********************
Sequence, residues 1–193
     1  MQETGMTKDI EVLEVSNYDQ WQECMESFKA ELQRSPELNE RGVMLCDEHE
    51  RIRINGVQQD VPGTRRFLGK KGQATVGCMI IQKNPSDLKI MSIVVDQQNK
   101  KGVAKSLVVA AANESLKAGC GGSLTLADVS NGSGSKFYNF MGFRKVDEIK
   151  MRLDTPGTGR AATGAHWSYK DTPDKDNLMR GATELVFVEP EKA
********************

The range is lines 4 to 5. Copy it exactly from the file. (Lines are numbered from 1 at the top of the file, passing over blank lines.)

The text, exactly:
   101  KGVAKSLVVA AANESLKAGC GGSLTLADVS NGSGSKFYNF MGFRKVDEIK
   151  MRLDTPGTGR AATGAHWSYK DTPDKDNLMR GATELVFVEP EKA